Bard Whistleblower Settlement Highlights Potential Risks for Higher Education Institutions
Bard College recently entered into an agreement with the United States to pay $4 million to settle a whistleblower suit alleging violations of the False Claims Act. Bard is a non-profit liberal arts institution founded in 1860 and based in New York’s Hudson River Valley. The alleged violations centered on its ill-fated attempt to start a Master’s of Arts in Teaching (MAT) program in Delano, California, beginning in 2009. This case demonstrates the risks that institutions of higher learning can face if they fail to meet administrative and accreditation requirements that are part of an attempted expansion.
On June 7, 2013, two relators filed a sealed complaint in the Eastern District of California against Bard. The relators were both members of the first cohort of MAT students at Bard’s Delano location. They alleged that Bard personnel had made numerous misrepresentations to current and potential MAT students regarding its accreditation status.
Specifically, the complaint alleged that Bard had begun operating its MAT program in Delano before gaining accreditation by the California Commission on Teacher Credentialing (CCTC). As a result, the students who completed Bard’s program were not eligible for teaching credentials upon graduation. The program did not receive certification until roughly one year after the relators had graduated and no longer exists in the Delano location.
The relators contended Bard had violated the False Claims Act in two primary ways. First, Bard had entered into a Program Participation Agreement (PPA) with the United States Department of Education so that its students could receive federal student aid under Title IV of the federal Higher Education Act. As part of that PPA, Bard had falsely certified to the Department of Education that it would comply with all applicable statutes and regulations related to the MAT program, but its lack of accreditation amounted to a violation of the PPA and rendered its claims for payment of Title IV funds false under the FCA.
Second, the relators alleged that Bard had applied for and received a Teacher Quality Partnership (TQP) grant from the Department of Education for its MAT program in 2009. As part of the application process, it certified, among other things, that its students would receive accreditation in California, but that did not occur as Bard claimed it would. The relators also alleged numerous other shortfalls by Bard in meeting the claims of its TQP application. Bard received roughly $6 million in funds pursuant to that grant.
Finally, the relators alleged that Bard had retaliated against one of them after she had made comments regarding Bard’s accreditation status at a public meeting of the CCTC. She had been working for Bard at that time, and she alleged that she was constructively terminated after going public with her comments.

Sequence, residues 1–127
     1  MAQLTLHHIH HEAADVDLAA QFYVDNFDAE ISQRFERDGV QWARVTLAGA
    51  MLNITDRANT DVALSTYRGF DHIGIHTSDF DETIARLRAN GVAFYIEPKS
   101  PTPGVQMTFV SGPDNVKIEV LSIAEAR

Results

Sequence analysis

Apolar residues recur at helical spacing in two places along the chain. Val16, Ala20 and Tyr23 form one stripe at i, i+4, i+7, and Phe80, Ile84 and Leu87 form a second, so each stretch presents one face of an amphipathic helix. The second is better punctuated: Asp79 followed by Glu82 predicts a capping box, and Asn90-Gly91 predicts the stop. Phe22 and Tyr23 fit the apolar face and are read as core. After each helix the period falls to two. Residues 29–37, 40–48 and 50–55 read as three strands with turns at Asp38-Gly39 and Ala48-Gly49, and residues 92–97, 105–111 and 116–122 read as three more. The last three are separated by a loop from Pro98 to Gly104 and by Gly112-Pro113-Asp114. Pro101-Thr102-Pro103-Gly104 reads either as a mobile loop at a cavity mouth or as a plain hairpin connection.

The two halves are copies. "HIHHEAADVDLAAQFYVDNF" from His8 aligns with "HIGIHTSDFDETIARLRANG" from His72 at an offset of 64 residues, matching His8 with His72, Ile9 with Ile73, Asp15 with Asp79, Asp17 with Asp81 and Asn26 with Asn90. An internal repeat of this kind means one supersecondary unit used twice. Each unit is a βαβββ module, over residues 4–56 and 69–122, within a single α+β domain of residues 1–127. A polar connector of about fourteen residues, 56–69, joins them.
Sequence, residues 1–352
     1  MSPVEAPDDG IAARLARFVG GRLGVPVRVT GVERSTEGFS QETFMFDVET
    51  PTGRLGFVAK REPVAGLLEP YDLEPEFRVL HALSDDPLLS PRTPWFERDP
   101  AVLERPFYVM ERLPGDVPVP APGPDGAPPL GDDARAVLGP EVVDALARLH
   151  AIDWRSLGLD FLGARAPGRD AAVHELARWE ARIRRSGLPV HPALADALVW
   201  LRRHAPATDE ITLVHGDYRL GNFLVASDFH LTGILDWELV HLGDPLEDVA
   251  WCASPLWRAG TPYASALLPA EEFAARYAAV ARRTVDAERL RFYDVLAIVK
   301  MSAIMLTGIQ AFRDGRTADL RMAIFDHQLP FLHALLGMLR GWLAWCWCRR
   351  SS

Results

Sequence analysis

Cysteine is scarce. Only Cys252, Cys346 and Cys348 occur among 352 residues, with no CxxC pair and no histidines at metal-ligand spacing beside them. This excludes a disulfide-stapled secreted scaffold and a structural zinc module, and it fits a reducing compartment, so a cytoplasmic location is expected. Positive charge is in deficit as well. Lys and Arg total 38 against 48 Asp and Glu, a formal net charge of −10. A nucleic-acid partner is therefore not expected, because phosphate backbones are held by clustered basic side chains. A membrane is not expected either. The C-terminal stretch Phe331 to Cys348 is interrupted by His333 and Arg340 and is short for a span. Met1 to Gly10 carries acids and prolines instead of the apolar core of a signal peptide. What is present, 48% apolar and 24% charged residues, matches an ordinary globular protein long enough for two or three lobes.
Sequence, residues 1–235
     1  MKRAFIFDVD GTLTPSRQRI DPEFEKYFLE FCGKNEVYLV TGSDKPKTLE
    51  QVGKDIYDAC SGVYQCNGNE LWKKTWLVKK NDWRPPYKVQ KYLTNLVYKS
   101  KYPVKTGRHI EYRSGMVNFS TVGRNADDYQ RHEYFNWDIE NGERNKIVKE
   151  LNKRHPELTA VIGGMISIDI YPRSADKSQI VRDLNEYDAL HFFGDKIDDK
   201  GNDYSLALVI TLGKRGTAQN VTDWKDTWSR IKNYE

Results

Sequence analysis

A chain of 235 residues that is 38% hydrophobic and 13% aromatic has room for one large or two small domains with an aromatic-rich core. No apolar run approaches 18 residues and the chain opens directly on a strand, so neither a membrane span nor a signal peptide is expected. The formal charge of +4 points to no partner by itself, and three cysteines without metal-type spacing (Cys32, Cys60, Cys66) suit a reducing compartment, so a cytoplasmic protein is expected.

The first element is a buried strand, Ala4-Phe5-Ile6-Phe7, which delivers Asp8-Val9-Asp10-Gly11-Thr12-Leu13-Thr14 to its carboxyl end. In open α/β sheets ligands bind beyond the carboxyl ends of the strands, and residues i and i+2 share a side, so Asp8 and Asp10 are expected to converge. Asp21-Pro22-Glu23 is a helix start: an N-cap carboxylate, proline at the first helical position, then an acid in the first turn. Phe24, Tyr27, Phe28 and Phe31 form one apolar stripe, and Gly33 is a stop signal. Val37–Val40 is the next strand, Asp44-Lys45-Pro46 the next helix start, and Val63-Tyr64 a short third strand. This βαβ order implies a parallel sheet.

According to the complaint, the CCTC conducted a series of hearings concerning Bard’s MAT program, in part due to its “astonishment” that Bard began operating the program without first securing accreditation. The complaint also alleged that Bard recruited and admitted a second cohort of MAT students without being accredited, and that administrators from local secondary schools referred to Bard’s program as an example of “exactly what not to do.”
The government proceeded to investigate the relators’ claims, demanding document productions from Bard and taking the depositions of multiple individuals pursuant to Civil Investigative Demands. On November 13, 2015, the United States filed a Notice of Election to Intervene. As part of that filing, the government represented that it had made “significant progress toward a consensual resolution of this matter,” and asked the court to stay the action for 90 days to allow for further negotiations. The court approved that request and ordered the relators’ complaint to be unsealed on December 2, 2015.
On March 9, 2016, the government and the relators voluntarily dismissed the action pursuant to the terms of a settlement agreement they reached with Bard. As a result, Bard never answered the relators’ complaint. Under the settlement agreement, Bard agreed to pay $4 million to the United States in a series of payments running from April 2016 through April of 2021. The relators and the government reached an agreement as to the relators’ share of that recovery. At present, though, the relators have been unable to reach an agreement with Bard as to the payment of their expenses and attorneys’ fees under the FCA. In a filing dated April 5, 2016, the relators represented that their counsel had spent over 1,100 hours on this case prior to the settlement agreement. The court has set a date certain of June 7, 2016 for Bard and the relator to agree to a payment figure, and if the parties fail to do so, relators will file a petition with the court to set an amount for payment of those fees.
Given the critical nature of California accreditation to the relators’ claims, this case serves an example of some of the pitfalls that can endanger an institution of higher education as it seeks to broaden its geographic and programmatic scope.